Good morning/ afternoon miss, today I will be speaking about the themes of two texts and the context in which they were written. The two texts ‘Frankenstein’ and ‘Blade Runner’ both embody themes of science, creation and nature that are reflected in the author’s life and what was happening in the world around them. By examining Mary Shelley’s life we can see many of the key themes of her time reflected in Frankenstein. The novel Frankenstein was written in 1818 and follows the story of a scientist, Victor Frankenstein and his quest for creating life.
However his experiment goes wrong as his creature goes on a rampage after he has been rejected. One theme from this novel that is part of Shelley’s life is the natural world. The theme of the sublime natural world was embraced by Romanticists such as Mary Shelley who, in their writing, glorify the natural environment. By showing nature as a powerful force it gives an idea that nature is a great and controlling force, somewhat god like. Victor, depressed after the deaths of William and Justine for which he feels responsible for, heads to the mountains. A cold… breeze… upon my cheeks … fills me with delight” is a shortened quote from Victor which expresses his feelings towards nature as a joyous one. The influence of nature on mood is evident throughout the novel and just like Victor feeling happy in the embrace of nature; the monster also feels his heart lighten as spring arrives after a being abandoned in the cold winter. “The weather became fine and the skies cloudless”. Contrasting to Frankenstein that explores the beauty of nature, Blade runner explores how when the natural environment fades the consequences for both humans and the planet are terrible.
Blade Runner is a film directed by Riddley Scott in 1982 and follows the story of a blade runner named Deckard as he sets out on destroying artificial humans known as replicants. In the 1980s many Americans, including Scott feared their country was in a great decline and depression of the war and industrialization. These somber themes are evident within the film. At the beginning of the film we see a montage of manmade buildings and structures that overwhelm the landscape as there are no natural elements.
Symbolism is very important in this opening scene as we also see setting in the background, the sun. The sun setting symbolizes the end of the earth and that humans are entering into the dark. Rain in many parts of this film and is used as a visual metaphor to suggest that nature is crying for its destruction by humanity. The effect of this impression is that when nature dies everything will mourn. The setting of this post apocalyptic film is not the only thing that has been urbanised. Many animals have been created artificially.
When Deckard first goes to Tyrell he is shown an artificial owl, to which he responds “must be expensive”. The repetition of animals being artificial and expensive highlights that nothing natural remains and that nature has been taken over by commerce. Scott uses the animals as a symbol to represent how artificial the world has become. Another theme that is evident in both Frankenstein and Blade Runner is science and creation. Frankenstein was written in a period of technological advancement where science was just beginning to take shape and the thought of recreating life was evident.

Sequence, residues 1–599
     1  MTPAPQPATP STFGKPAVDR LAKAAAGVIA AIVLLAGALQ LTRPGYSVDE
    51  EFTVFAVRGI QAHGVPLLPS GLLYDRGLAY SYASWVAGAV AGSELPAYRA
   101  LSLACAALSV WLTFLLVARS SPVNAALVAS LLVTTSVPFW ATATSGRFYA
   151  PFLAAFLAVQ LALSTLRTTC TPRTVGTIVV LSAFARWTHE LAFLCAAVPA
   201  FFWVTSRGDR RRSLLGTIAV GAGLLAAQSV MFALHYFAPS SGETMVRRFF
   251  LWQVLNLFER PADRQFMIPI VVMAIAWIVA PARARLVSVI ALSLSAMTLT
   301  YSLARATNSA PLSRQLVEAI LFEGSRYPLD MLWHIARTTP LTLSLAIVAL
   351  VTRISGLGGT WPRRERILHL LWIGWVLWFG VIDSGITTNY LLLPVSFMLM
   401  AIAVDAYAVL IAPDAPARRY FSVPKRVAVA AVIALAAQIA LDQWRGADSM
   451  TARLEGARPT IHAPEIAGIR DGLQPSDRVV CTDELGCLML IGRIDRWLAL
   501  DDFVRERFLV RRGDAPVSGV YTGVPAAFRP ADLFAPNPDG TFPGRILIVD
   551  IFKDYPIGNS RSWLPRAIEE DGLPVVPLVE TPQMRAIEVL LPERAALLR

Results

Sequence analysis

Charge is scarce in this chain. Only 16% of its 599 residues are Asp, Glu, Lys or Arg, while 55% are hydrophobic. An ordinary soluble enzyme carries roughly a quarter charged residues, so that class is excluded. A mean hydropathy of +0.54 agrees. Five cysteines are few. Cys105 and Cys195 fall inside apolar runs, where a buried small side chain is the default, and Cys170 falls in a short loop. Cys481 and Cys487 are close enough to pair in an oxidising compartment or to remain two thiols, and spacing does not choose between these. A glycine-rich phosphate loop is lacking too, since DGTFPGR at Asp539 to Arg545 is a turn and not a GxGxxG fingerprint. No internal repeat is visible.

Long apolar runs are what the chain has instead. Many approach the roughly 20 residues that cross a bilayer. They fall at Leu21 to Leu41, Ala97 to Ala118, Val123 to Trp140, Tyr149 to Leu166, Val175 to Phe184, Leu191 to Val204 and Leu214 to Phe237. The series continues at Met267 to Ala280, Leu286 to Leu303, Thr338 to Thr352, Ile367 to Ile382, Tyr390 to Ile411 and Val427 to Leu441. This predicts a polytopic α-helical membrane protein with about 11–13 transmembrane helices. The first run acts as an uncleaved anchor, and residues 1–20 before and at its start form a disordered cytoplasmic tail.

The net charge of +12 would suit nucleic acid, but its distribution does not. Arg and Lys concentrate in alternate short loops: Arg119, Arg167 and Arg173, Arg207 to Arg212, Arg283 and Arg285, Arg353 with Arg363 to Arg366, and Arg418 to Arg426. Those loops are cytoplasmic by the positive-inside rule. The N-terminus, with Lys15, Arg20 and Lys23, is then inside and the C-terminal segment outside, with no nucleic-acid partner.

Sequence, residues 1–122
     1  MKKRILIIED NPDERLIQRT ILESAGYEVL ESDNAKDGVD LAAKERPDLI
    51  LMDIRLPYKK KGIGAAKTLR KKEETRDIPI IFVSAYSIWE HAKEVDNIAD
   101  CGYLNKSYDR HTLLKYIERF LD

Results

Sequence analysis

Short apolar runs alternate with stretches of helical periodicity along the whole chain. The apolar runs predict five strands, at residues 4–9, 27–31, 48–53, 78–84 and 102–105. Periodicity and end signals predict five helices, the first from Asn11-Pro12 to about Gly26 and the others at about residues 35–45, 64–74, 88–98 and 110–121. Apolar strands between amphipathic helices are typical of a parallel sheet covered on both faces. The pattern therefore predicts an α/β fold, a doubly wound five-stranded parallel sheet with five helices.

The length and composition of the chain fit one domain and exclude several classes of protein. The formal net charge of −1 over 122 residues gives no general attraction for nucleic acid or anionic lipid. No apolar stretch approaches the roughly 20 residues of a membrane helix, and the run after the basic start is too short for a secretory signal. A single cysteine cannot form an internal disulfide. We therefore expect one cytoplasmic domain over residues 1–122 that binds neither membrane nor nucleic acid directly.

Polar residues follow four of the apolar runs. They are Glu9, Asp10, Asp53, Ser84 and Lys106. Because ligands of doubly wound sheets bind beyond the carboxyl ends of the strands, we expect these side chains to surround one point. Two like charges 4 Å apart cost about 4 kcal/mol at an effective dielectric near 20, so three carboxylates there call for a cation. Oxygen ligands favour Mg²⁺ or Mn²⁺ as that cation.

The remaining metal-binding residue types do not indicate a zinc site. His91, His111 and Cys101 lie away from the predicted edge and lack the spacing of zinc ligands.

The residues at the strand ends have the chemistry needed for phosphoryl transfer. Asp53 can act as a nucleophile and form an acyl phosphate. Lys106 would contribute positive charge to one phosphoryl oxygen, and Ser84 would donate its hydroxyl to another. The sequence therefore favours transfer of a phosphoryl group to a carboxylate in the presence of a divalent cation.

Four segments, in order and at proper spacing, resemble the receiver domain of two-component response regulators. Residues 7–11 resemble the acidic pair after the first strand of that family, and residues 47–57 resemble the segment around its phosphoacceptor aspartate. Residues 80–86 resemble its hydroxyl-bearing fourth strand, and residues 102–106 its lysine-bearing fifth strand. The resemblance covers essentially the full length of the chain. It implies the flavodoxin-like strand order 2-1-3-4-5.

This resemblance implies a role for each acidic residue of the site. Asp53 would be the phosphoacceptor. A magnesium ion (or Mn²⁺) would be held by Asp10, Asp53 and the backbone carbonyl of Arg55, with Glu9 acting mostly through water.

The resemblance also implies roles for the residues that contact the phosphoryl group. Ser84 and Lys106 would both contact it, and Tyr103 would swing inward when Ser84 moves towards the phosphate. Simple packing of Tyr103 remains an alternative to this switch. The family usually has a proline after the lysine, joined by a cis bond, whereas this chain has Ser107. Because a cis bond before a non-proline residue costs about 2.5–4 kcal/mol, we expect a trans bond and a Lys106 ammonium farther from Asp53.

An event in Shelley’s life that impacted her was the work of Luigi Galvani who discovered that the muscles of dead frog’s legs twitched when struck by a electricity. This advancement leads Shelley to critique the ideals of science contrasting to the value of nature. Shelley is clear on her feelings about the use and abuse of technology. The reanimation of a man from the dead can be useful so we can always be with loved ones, but what responsibility should we take once we bring people back from the dead?
How far can we go in raising the dead without destroying the living? Shelley seems to portray the idea that man cannot handle becoming like God without difficulty. Victor Frankenstein learns all he can about the field of science, both before, during, and after his work at the university and is continuously obsessed with creating life. The effect of uses a character obsessed with creating life, then later rejecting it further shows how Shelley feels about miss using technology. Similarly to Frankenstein, Blade Runner also questions the values of science and creation.
Scott created his film when industrialization and when technology is rapidly becoming part of everyday life. As the creator of the replicants, Tyrell simply creates the androids for money and power then immediately outcasts them. Scott makes the company of Tyrell seem very dark and large to emphasize his power within the city. Both Mary Shelley and Riddley Scott draw inspiration from the events and other themes that are impacting their life, whether it is nature, the advancement of technology or creation issues at the time of writing.
Courtney from Study Moose
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